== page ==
Apr 17, 2010
SY Wong

Intel Light Peak As Successor For USB 3.0 Due In 2011

USB 3.0 is not really getting sufficient traction with no official chipset support from Intel Corp and consumers will have to opt for alternative solutions by using third party add-on or plug-in card in order to enjoy such features. While you may wonder what the next steps the giant chipmaker will take, the recent IDF event held in Beijing may have some clue for you. During the event, Intel Corp spokesperson, Kevin Kahn has disclosed a new optical signaling technology, named as Light Peak that is claimed to be able to reach at least 10Gbps transfer rate, twice faster than existing USB 3.0 to accelerate device connectivity for next generation products.



Basically, Light Peak consists of a controller chip and an optical module for light-to-electrical and electrical-to-light conversions to take place. And it is a new technology breakthrough based on optical transmission that intends to extend existing transfer limits on conventional electrical signal. Unlike electrical signal that is susceptible to EMI (Electrical-magnetic interference) and signal integrity issues, Light Peak can get around it with the nature of how light transmits just like fiber optics solution. The benefit is obvious – its extremely high bandwidth can easily allow HD media files transfer in seconds with current 10Gbps and is expected to scale up to 100Gbps in short future. And since it is protocol independent, Light Peak can be used to co-exist with current standards such as SATA, FireWire, HDMI, USB and with potential to totally replace them as a single universal bus to cater for high bandwidth requirement.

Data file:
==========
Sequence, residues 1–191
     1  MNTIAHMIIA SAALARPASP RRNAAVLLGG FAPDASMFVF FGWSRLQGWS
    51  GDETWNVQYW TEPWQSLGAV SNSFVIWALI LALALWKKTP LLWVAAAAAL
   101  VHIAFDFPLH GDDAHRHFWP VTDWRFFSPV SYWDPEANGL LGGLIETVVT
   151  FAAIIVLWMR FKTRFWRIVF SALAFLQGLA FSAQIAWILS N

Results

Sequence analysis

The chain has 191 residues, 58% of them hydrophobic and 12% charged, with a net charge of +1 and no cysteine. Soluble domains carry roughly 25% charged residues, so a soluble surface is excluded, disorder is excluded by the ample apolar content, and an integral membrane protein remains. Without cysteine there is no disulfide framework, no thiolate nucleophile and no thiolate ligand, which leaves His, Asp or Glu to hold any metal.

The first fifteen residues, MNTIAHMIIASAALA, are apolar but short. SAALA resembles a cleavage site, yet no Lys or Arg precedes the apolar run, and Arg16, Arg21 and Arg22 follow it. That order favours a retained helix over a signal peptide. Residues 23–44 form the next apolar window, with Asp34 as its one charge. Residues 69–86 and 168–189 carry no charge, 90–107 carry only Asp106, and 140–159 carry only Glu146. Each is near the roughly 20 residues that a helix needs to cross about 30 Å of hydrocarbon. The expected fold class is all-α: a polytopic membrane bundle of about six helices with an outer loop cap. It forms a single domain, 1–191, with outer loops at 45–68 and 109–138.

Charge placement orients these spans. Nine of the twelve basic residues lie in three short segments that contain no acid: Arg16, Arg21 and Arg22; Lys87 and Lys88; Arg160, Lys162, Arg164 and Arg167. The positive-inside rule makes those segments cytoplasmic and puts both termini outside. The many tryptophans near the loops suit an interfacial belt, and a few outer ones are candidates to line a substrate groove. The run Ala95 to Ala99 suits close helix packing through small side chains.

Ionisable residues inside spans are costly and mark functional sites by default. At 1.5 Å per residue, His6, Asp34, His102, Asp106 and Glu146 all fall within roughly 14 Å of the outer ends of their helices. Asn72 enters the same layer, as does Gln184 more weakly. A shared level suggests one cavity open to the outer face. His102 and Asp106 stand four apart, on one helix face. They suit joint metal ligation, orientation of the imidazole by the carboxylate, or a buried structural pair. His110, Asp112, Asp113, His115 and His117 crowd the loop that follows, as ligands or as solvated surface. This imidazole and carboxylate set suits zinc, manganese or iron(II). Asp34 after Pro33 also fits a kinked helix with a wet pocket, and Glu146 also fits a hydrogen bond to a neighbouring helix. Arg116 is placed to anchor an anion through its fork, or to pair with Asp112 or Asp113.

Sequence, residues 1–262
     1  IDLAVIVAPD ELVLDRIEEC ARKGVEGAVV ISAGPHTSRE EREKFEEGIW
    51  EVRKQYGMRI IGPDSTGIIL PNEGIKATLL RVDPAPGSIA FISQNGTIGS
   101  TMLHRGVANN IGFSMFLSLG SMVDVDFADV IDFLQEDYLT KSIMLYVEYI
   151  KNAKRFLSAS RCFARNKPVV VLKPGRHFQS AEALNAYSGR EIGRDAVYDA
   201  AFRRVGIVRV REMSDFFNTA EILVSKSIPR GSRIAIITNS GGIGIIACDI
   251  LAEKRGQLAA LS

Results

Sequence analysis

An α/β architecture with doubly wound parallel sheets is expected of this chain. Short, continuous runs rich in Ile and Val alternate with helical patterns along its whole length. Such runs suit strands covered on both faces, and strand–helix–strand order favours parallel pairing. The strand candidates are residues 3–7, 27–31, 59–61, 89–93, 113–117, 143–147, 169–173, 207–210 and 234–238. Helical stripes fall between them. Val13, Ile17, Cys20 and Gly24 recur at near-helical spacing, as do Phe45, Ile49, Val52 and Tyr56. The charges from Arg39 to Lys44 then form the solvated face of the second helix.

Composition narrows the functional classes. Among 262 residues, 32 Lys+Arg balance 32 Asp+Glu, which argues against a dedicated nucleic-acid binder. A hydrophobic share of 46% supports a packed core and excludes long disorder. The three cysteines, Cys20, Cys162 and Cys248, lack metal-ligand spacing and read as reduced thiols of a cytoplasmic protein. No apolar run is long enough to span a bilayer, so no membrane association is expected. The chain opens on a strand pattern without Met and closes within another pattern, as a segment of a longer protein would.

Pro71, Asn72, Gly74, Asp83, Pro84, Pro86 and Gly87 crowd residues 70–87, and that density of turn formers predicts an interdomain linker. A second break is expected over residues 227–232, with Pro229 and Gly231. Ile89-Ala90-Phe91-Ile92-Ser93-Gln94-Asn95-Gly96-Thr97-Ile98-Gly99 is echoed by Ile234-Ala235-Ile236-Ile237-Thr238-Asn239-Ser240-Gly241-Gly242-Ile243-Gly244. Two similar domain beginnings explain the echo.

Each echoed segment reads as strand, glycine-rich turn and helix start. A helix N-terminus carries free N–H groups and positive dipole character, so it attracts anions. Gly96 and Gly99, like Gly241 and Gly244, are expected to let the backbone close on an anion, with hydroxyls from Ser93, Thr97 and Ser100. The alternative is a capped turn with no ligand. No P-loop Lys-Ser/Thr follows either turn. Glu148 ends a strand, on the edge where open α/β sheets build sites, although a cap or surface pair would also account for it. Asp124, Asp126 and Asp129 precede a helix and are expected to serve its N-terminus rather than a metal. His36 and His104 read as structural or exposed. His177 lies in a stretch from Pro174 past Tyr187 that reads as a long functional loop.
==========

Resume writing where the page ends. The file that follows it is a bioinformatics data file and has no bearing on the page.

The Intel senior fellow further emphasized that Light Peak will be first available to component makers for integration by end of 2011 with final products estimated to reach consumer market by 2011.

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